• Martín-López et al. (2009). Un marco conceptual para la gestión de las interacciones naturaleza sociedad en un mundo cambiante. CUIDES, 09-3.
  • MEA (Millennium Ecosystem Assessment). (2005). Ecosystems and Human Well-being: Synthesis. Island Press, Washington, DC.
  • Queiroz et al. (2015). Mapping bundles of ecosystem services reveals distinct types of multifunctionality within a Swedish landscape. AMBIO 44(1): S89–S101.
  • Raudsepp-Hearne et al. (2010). Ecosystem service bundles for analyzing tradeoffs in diverse landscapes. PNAS 107 (11): 5242-5247.
  • Renard et al. (2015). Historical dynamics in ecosystem service bundles. PNAS 112(43): 13411-13416.
  • Resilience Alliance. (2007). Assessing and managing resilience in social-ecological systems: Volume 2.
  • Rodríguez-Loinaz et al. (2015). Multiple ecosystem services landscape index: A tool for multifunctional landscapes conservation. Journal of Environmental Management 147: 152-163.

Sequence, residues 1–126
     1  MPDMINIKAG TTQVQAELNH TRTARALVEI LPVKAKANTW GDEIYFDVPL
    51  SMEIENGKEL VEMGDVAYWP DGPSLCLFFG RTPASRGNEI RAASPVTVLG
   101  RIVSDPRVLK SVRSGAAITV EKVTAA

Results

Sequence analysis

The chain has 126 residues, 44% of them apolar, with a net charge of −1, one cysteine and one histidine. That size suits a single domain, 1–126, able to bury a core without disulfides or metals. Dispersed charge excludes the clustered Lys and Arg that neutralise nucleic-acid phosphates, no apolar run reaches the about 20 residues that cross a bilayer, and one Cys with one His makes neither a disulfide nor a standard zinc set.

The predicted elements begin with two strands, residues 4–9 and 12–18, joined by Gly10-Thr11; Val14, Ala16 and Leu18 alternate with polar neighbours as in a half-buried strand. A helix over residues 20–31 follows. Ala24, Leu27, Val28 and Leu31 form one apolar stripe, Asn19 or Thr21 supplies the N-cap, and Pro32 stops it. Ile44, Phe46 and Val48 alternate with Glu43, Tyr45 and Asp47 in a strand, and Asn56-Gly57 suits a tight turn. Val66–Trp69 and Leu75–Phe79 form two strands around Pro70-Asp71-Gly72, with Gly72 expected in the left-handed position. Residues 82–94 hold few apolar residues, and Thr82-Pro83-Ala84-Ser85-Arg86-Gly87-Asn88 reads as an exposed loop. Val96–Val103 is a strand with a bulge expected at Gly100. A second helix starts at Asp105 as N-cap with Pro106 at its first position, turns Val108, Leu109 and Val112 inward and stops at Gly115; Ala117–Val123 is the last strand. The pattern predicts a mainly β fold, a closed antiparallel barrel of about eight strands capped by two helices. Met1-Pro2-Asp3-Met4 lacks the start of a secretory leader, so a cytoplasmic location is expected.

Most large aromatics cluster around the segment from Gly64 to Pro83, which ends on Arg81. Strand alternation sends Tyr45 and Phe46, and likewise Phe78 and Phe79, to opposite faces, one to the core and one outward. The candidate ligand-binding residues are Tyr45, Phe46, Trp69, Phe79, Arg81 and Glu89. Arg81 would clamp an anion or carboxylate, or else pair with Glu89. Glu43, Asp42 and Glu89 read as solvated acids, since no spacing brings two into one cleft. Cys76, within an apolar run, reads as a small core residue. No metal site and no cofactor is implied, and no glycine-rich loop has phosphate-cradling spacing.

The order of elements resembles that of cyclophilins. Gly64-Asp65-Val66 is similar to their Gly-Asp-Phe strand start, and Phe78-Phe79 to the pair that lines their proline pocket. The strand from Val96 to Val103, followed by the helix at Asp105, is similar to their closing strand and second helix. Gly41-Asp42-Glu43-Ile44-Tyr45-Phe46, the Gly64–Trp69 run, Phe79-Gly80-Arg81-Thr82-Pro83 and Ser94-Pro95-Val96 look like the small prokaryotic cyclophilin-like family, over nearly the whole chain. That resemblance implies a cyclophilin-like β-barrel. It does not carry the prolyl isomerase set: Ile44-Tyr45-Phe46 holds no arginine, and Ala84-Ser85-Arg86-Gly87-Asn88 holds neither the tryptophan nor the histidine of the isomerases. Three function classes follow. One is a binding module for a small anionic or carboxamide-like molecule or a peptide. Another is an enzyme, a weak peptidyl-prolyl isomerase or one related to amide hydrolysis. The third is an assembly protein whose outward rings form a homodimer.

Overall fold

• Shackleton et al. (2016). Unpacking Pandora’s Box: Understanding and Categorising Ecosystem Disservices for Environmental Management and Human Wellbeing. Ecosystems 19: 587–600.
  • Sullivan (2002). Calculating a Water Poverty Index. World Development 30(7): 1195–1210.
  • Sullivan & Meigh (2007). Integration of the biophysical and social sciences using an indicator approach: Addressing water problems at different scales. Water Resources Management 21: 111–128.
  • Vitousek (1997). Human domination of earth’s ecosystems. Science 277: 494–499.
  • Watmough et al. (2013). Predicting socioeconomic conditions from satellite sensor data in rural developing countries: A case study using female literacy in Assam, India. Applied Geography 44: 192-200.